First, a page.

Ghanaian Hip-Hop Hits the Bi-Co

Robin Riskin ’12 organized a Tri-College symposium, GMGE: Ghanaian Music//Global Entrepreneurship, that brought some of the most innovative musicians from Ghana to campus for a concert, a screening and a panel series to explore how these artists have harnessed the powers of new media to create a global movement through music.

Robin Riskin ’12 is the organizer of GMGE: Ghanaian Music//Global Entrepreneurship, a Tri-College symposium that ran March 21 through March 23. Here’s her report on the event:
For a moment last Friday night in Founders Great Hall, all the students were dancing azonto–a Ghanaian dance style that has recently become a global phenomenon–and 90% of them didn’t even know what it was. Paapa, a signed artist in Ghana and freshman student at Reed College in Oregon, was leading the crowd in an azonto remix of his song “Dear Grace.”


After Paapa, Blitz the Ambassador–a world-renowned hip-hop artist from Accra now based in New York and Atlanta, whom Rolling Stone (Germany) has said “sounds like the future of African music”–seized the stage. Following Blitz, Founders grooved to the sounds of Derrick N. Ashong & Soulfège, D.C.-based artists/activists (Ashong is from Ghana) who blend hip-hop, highlife, reggae, funk and world beat into something they have dubbed “Afropolitan fusion.”
These are some of the most exciting and innovative artists coming from Ghana, and they visited Haverford and Bryn Mawr last week for the Tri-College symposium GMGE: Ghanaian Music//Global Entrepreneurship. The artists participated in a concert, screening and panel series that was supported by 20 departments from across the Tri-Co and run in partnership with the Haverford, Bryn Mawr and Tri-Co Africana Studies programs. The symposium was conceived to explore how these artists have harnessed the powers of new media and technology to create a global movement through music.
Blitz the Ambassador

Derrick N. Ashong & Soulfège

When I conceived GMGE, I didn’t quite realize what I was getting into. I’d organized a Ghanaian photo exhibition and panel the year before, following a Center for Peace and Global Citizenship (CPGC) summer internship in Ghana, but nothing of the scope of bringing world-famous artists for a three-day symposium across two colleges. At times, the stress and problems made me think I never should have started. But every time someone tells me how amazing the concert was, or how they downloaded Soulfège’s album, liked Paapa on Facebook, or got to hang out with Blitz while he was here, I feel it was all worth it.
A head committee of 17 Tri-Co students took the symposium in directions I had not even imagined: film, graphic design, digital media and musical exploration. Half of the students didn’t know anything about Ghanaian music before they got involved, but they were drawn to the global themes. The next thing I knew, they were coordinating PR efforts and arranging GMGE programs. The symposium offered opportunities for them to bring in their interests across disciplines.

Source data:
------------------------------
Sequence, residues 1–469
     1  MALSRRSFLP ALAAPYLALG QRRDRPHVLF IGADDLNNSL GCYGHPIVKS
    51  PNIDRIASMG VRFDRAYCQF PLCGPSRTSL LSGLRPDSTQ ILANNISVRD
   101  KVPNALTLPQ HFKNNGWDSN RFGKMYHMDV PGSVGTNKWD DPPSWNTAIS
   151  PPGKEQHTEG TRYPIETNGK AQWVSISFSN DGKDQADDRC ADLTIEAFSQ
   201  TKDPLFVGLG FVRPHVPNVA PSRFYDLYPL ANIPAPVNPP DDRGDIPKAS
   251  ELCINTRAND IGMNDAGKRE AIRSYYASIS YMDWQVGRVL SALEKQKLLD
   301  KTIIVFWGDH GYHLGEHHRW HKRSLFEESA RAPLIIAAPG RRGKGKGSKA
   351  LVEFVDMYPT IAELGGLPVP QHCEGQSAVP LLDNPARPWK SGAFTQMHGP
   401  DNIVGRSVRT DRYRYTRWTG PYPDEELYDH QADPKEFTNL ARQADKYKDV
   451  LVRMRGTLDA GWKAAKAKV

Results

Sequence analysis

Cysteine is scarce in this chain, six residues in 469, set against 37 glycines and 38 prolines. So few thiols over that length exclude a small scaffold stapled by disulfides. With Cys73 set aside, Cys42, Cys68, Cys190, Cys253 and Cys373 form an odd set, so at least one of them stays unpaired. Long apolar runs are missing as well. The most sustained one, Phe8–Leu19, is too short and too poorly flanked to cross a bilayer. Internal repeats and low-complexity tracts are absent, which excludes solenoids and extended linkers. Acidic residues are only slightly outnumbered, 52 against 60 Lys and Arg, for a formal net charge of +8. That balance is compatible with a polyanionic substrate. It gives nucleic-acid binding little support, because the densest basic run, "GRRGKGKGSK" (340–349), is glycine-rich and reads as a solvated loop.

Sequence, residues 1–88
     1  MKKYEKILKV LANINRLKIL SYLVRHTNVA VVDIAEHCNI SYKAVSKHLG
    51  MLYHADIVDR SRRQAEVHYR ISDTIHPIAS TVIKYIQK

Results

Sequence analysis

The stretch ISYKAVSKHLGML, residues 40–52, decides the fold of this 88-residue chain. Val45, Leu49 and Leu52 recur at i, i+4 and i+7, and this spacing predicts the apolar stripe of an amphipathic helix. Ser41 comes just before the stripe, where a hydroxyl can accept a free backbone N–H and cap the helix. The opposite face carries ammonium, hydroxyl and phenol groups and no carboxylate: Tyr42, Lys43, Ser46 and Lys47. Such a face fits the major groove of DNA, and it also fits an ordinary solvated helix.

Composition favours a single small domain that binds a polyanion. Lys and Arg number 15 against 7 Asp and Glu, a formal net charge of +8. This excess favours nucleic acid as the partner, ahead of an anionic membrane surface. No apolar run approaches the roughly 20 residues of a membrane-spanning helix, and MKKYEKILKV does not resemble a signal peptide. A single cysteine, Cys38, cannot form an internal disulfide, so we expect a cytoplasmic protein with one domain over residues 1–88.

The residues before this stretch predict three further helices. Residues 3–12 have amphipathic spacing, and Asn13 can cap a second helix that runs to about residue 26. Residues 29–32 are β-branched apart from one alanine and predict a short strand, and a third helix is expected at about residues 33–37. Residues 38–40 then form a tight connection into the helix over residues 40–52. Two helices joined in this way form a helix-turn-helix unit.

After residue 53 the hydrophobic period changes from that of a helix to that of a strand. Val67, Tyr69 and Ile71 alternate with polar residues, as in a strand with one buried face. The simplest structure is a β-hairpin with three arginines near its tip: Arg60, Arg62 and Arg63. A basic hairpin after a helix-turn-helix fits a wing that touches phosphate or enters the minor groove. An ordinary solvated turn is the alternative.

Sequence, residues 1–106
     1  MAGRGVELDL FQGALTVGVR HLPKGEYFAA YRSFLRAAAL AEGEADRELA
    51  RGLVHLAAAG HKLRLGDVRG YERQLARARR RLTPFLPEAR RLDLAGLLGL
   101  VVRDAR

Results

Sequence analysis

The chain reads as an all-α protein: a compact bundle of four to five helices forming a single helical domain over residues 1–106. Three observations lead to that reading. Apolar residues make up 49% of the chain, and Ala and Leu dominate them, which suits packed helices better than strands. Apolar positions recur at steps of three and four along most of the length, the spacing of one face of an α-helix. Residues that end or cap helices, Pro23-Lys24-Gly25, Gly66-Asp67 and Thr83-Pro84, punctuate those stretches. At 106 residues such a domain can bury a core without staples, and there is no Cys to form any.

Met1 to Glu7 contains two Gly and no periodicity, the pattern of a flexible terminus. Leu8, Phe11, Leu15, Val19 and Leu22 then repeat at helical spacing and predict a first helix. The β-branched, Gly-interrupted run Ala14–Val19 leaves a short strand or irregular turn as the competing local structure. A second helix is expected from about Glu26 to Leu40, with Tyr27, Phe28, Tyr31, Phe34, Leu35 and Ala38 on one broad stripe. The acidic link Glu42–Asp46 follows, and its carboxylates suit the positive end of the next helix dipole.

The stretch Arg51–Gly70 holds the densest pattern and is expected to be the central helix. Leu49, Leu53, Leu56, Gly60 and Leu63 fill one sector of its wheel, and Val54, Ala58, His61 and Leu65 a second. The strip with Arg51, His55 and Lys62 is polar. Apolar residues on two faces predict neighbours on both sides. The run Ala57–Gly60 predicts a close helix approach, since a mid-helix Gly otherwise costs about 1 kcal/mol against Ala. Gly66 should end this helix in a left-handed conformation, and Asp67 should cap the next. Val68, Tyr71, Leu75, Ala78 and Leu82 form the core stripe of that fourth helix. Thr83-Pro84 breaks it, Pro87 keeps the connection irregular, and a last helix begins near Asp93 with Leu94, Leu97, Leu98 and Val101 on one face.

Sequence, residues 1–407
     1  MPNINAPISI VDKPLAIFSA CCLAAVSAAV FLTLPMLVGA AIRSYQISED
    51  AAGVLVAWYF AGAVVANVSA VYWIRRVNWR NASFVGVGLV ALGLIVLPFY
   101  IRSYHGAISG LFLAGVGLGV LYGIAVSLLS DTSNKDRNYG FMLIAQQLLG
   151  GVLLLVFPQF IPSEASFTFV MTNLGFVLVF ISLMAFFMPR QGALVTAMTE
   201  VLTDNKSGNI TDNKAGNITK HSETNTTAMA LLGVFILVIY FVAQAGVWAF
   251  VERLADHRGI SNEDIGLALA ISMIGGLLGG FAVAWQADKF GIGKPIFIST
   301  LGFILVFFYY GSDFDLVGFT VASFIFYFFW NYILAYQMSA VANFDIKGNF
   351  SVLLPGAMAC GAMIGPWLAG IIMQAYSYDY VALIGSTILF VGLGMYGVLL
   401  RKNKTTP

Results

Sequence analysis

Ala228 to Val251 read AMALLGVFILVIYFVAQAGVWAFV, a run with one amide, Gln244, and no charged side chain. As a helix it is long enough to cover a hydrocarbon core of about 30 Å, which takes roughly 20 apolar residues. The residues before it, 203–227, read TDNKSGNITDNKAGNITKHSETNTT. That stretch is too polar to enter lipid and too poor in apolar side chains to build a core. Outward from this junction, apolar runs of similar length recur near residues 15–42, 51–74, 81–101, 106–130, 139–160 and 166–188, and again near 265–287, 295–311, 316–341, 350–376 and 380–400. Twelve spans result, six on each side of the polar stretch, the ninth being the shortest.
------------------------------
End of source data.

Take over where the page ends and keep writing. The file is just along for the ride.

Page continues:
When I first met with committee member Sam Fox ’14 during his shift at the music library, he suggested that GMGE should have a blog. I asked if he’d want to design it, but he said he didn’t have any experience. At the next committee meeting on the following Monday, he showed up with a whole website already created. The only thing it lacked was a banner, which Helen Farley ’14, another committee member, promptly designed.
Haverford Assistant Professor of Anthropology Jesse Shipley guided me throughout the process, serving as my faculty advisor on the symposium and moderating the panel with Blitz and Paapa. Screenings of Blitz’s “Native Sun,” and Boogie Down Nima’s “HomeGrown: HipLife in Ghana” provided context and background to issues in Ghanaian music and global commerce. The program served as a point around which to discuss the community art program I helped to found on my second CPGC internship in Ghana last summer, Nima Muhinmanchi Art (NMA), of which Paapa is Creative Director.
(From left) Paapa, Blitz and moderator Jesse Shipley

The 360° class at Bryn Mawr participated in another panel with Soulfège upon their return from a spring break trip to Ghana. Tri-Co Digital Humanities prompted GMGE to live tweet and stream the panels to web, and to create a film, on which we are currently working. Friends from Ghana, New York, Atlanta and even Berlin were following GMGE, and these digital media outlets provided a way for them to participate.
I’m grateful for all the support I’ve received from sponsoring departments and participating individuals. I hope that the momentum continues, and that GMGE inspires underclassmen to continue to organize programs of their own in the future. But the next time, with a little more time. Maybe.
Robin Riskin '12, the event organizer.

All photos by Jonathan Yu ’12. Click here for more pictures.
Update 4/5/12: Read “Ghana musicians share faith, art” on